Ludwig Adolf Wilhelm von Lützow

"Ludwig von Lützow" redirects here. For the 19th-century Mecklenburg politician, see Ludwig von Lützow (politician).
Ludwig Adolf Wilhelm Freiherr von Lützow
Born (1782-05-18)May 18, 1782
Berlin, Kingdom of Prussia
Died December 6, 1834(1834-12-06) (aged 52)
Allegiance Prussian
Rank Lieutenant General
Unit Prussian Army, Lützow Free Corps
Commands held Lützow Free Corps

Ludwig Adolf Wilhelm Freiherr von Lützow (18 May 1782  6 December 1834) was a Prussian lieutenant general notable for his organization and command of the Lützow Freikorps of volunteers during the Napoleonic Wars.[lower-alpha 1]

Early life

Lützowhaus in Schöneiche

Lützow was born in Berlin on 18 May 1782.[1] Hame from the House of Mecklenburg, his father was a Prussian Major General Johann Adolph von Lützow (1748–1819), and his mother, Wilhelmine (née von Zastrow) (1754 to 1815).

Lützow first entered the Prussian Army in 1795, and eleven years later as a lieutenant took part in the disastrous battle of Auerstadt. He then achieved distinction in the siege of Kolberg, as the leader of a squadron of Schill's volunteers.[2]

In 1808, as a major Lützow retired from the Prussian army, indignant at the humiliating treaty of Tilsit. He took part in the heroic venture of his old chief Schill in 1809; wounded at Dodendorf and left behind, he thereby escaped the fate of his comrades,[1] many of whom were either killed at the Battle of Stralsund (1809) or were among the 12 officers executed at Napoleon's command in the aftermath. In Schöneiche he was hidden by the owner of the village in a little hunters' hut at the village border and there Lützow was able to recover from his wounds. Today the newer building made of stone is called "Lützow Haus" ("Lützow House") in commemoration of this episode.

Lützow Free Corps

Main article: Lützow Free Corps

In 1811, Lützow was recommissioned into the Prussian army as major, and at the outbreak of the German War of Liberation received permission from Scharnhorst to organize a free corps consisting of infantry, cavalry and Tirolese riflemen, for attacking flanks or in guerilla fighting in the French rear and rallying the smaller governments into the ranks of the allies.[2] From their uniform, they were known as the "Black Troopers" or "Black Riflemen".[3]

The valor of the Black Troop is commemorated in Theodor Körner's poem Lützows wilde, verwegene Jagd ("Lützow's wild, daring hunt").[4] As Lützow's adjutant, he met his death at the Battle of Gadebusch.[1] Among other notable members of the corps were Friedrich Fröbel and Friedrich Ludwig Jahn. This incident was portrayed in the 1927 film Lützow's Wild Hunt directed by Richard Oswald.

This corps played a marked part in the campaign of 1813. But Lützow was unable to coerce the minor states, and the wanderings of the corps had little military influence. At Kitzen (near Leipzig) the whole corps, warned too late of the armistice of Poischwitz, was caught on the French side of the line of demarcation, and, as a fighting force, annihilated. Lützow himself, wounded, cut his way out with the survivors, and immediately began reorganizing and recruiting.[2]

In the second part of the campaign the corps Lützow served in more regular warfare under Wallmoden. Lützow and his men distinguished themselves at Gadebusch (where Körner fell) and Göhrde (where Lützow himself, for the second time, received a severe wound at the head of the cavalry). Sent next against Denmark, and later employed at the siege of Jülich, Lützow in 1814 fell into the hands of the French.[2]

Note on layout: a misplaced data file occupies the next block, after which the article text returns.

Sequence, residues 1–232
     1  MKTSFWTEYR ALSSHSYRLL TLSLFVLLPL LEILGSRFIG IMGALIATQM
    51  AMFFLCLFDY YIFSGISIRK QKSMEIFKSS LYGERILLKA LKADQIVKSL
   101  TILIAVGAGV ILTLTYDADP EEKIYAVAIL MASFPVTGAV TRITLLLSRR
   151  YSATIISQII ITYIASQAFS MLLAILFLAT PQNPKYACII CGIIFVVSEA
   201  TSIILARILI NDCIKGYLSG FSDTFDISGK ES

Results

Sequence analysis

Late career

His grave in the old garrison cemetery in Berlin

After the peace of 1814 the corps was dissolved, the infantry becoming the 25th Regiment, the cavalry the 6th Uhlans. At Ligny Lützow led the 6th Uhlans to the charge, but they were broken by the French cavalry, and he finally remained in the hands of the enemy, escaping the next day during the French defeat at the Waterloo. Made colonel in that year, his subsequent promotions were: major-general 1822, and lieutenant-general (on retirement) 1830.[1][2]

Lützow died on 6 December 1834.[1] One of the last acts of his life for which Lützow is remembered is his challenge (which was ignored) to Blücher (died in 1819), who had been ridden down in the rout of the 6th Ulans at the Battle of Ligny, and had made, in his official report, comments thereon, which their colonel considered disparaging.[2]


Several German warships including SMS Lützow of World War I, and the heavy cruiser Lützow (ex-Deutschland) of World War II, were named after him.

The 37th SS Volunteer Cavalry Division Lützow was also named after him.

Democratic Germany's national colours Black Red Gold originate from the iconic Lützower's black uniforms, which showed red insignia and golden buttons.


  1. Regarding personal names: Freiherr was a title before 1919, but now is regarded as part of the surname. It is translated as Baron. Before the August 1919 abolition of nobility as a legal class, titles preceded the full name when given (Graf Helmuth James von Moltke). Since 1919, these titles, along with any nobiliary prefix (von, zu, etc.), can be used, but are regarded as a dependent part of the surname, and thus come after any given names (Helmuth James Graf von Moltke). Titles and all dependent parts of surnames are ignored in alphabetical sorting. The feminine forms are Freifrau and Freiin.



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